Am I just in it for the exposure?
Not JUST, no. We all enjoy the exposure, but it also comes at a cost. A mental and emotional cost. If you aren’t good at dealing with hate, then don’t seek media attention. Trust me, you probably won’t like it.
I’m in this to offer something different than the traditional 9-5 to 65. Our situation won’t work for everyone, and that’s okay. Some may not believe that we’re retired, and that’s also okay.
My story isn’t for them.
I’ve learned over time that I simply cannot be all things to all people. Sooner or later, you’re going to piss someone off. Offend people. It happens. And, that’s all a part of a creative atmosphere, which blogging most definitely is.
But, I’ve also learned that our blogs touch a LOT more people than we think. Most of our readers don’t leave comments or email us. Some do, but most don’t. Our stories spark a lot of internal reflection for many people that we’ll never meet. Like two ships passing in the night.
In short: I don’t worry about it. It’s my story – that’s it. If people believe that I’m full of shit, that’s perfectly fine. There are a lot of blogs out there to choose from. Mine is just one of ’em.
Start caring about what every visitor thinks and you will quickly drive yourself insane.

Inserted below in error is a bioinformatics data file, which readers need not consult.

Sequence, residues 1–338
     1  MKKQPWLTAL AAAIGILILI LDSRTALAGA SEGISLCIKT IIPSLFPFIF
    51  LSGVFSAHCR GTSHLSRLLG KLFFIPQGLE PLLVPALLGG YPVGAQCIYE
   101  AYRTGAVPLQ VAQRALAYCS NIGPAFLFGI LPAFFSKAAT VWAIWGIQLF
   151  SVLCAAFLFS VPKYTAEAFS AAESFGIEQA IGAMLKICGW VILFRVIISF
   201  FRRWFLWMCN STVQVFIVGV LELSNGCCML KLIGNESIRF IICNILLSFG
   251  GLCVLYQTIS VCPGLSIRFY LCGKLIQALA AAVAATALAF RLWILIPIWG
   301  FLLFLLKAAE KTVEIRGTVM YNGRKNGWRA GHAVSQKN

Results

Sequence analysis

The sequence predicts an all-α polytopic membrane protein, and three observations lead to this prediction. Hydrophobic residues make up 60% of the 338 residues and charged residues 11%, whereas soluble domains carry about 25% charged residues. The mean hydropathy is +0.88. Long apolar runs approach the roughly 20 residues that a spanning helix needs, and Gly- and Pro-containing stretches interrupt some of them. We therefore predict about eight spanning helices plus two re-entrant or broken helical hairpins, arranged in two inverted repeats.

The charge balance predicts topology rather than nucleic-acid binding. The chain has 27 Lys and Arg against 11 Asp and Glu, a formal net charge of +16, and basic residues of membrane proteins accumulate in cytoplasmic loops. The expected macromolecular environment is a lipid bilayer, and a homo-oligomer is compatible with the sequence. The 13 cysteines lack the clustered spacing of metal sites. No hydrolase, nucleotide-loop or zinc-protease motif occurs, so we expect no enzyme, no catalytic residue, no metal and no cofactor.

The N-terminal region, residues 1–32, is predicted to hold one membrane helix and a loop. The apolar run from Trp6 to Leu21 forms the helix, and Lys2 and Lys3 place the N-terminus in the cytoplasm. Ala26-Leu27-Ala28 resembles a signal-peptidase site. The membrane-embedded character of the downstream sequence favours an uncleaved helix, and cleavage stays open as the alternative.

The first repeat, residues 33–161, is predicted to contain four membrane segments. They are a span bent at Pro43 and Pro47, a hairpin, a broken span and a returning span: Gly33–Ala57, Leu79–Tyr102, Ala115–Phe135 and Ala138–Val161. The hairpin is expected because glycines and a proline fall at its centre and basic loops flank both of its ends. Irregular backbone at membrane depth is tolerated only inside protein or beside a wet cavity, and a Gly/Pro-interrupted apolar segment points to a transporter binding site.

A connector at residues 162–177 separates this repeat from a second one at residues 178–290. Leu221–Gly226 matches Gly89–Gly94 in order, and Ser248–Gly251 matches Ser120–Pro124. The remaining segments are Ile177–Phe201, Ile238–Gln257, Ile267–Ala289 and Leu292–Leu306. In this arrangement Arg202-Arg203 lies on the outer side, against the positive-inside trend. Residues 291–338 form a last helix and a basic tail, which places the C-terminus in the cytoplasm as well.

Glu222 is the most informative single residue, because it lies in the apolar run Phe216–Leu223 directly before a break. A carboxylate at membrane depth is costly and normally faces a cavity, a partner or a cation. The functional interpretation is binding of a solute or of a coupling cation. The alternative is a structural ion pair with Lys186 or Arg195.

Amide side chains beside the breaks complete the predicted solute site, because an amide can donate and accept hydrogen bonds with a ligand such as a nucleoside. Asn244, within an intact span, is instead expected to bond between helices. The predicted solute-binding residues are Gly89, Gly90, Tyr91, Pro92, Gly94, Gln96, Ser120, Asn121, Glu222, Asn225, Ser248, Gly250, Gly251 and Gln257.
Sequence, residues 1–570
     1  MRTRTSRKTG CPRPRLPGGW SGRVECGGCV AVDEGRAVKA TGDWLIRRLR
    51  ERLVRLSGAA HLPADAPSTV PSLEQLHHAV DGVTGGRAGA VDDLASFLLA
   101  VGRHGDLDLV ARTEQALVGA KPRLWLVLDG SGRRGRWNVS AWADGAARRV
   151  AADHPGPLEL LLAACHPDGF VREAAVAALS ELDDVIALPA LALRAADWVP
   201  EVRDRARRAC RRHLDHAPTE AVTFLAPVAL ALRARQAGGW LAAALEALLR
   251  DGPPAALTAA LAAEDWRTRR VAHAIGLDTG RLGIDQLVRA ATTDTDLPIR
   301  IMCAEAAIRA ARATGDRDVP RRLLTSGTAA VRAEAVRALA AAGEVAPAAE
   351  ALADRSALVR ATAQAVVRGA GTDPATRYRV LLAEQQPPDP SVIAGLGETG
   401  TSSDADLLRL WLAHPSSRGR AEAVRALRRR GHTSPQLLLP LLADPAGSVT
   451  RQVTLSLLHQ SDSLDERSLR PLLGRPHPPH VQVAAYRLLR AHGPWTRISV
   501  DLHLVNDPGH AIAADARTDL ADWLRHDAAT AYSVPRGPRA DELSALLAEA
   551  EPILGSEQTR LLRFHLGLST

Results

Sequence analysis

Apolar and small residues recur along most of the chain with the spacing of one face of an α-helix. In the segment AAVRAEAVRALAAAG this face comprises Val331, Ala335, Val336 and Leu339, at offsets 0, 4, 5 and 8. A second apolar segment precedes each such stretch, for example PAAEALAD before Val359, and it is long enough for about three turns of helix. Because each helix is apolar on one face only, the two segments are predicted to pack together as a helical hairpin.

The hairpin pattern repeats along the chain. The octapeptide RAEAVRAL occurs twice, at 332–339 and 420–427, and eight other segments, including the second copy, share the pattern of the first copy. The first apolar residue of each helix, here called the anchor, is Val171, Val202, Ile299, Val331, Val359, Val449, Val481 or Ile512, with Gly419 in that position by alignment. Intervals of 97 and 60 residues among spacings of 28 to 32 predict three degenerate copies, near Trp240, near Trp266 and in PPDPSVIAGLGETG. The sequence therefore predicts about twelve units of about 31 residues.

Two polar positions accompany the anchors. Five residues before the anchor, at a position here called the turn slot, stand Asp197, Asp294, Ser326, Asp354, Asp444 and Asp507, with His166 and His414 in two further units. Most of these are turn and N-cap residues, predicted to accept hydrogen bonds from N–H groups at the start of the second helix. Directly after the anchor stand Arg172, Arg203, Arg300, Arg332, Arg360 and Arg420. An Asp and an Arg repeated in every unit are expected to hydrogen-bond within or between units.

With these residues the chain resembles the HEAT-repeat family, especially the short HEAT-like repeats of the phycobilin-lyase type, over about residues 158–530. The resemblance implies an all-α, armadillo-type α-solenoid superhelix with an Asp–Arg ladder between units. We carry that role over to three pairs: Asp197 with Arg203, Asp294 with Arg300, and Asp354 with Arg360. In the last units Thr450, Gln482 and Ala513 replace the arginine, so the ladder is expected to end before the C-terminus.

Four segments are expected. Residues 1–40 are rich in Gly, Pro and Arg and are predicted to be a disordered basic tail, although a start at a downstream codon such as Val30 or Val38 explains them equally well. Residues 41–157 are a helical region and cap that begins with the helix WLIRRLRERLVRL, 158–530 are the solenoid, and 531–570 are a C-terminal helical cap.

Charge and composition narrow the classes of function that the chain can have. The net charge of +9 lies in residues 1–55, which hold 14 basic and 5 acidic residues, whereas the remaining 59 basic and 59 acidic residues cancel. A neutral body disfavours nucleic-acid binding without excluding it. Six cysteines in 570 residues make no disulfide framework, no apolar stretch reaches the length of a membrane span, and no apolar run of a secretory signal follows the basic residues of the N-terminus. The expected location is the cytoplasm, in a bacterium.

Trust me, I’ve been there.
My media rap sheet
Here is what my media rap sheet looks like as of this morning. I’ve had stories written about us (those tend to focus on early retirement) and others have been syndicated and republished:
Rockstar Finance: My Retirement Renaissance
Business Insider: I’m 34 and I’m planning to retire next year
CNBC: This couple retired in their 30s and are now traveling full time in an Airstream
CNBC: 36-year-old retiree: This is the secret to getting rich
CNBC: This couple retired in their 30s – here’s exactly what their budget looks like
CNBC: 36-year-old retiree: Saving money doesn’t get you rich – here’s what does
CNBC: 36-year-old retiree: A big paycheck doesn’t lead to early retirement – here’s what does
CNBC: 5 early retirees share their No. 1 money-saving tip
CNBC: 35-year-old retiree: 5 simple habits will help you retire early
CNBC: This is the thing that surprised me the most about early retirement
CNBC: 17 stupid simple ways to make early retirement easier
CBS MarketWatch: 7 lessons I learned working in the corporate world before retiring at age 35
CBS MarketWatch: Here’s the secret to success: Lie to yourself
CBS MarketWatch: 13 simple ways to make early retirement easier
Steve is a 37-year-old early retiree who writes about the intersection of happiness and financial independence. Steve is a regular contributor to MarketWatch, CNBC, and The Ladders. He lives full-time in his 30′ Airstream Classic and travels the country with his wife Courtney and two rescued dogs.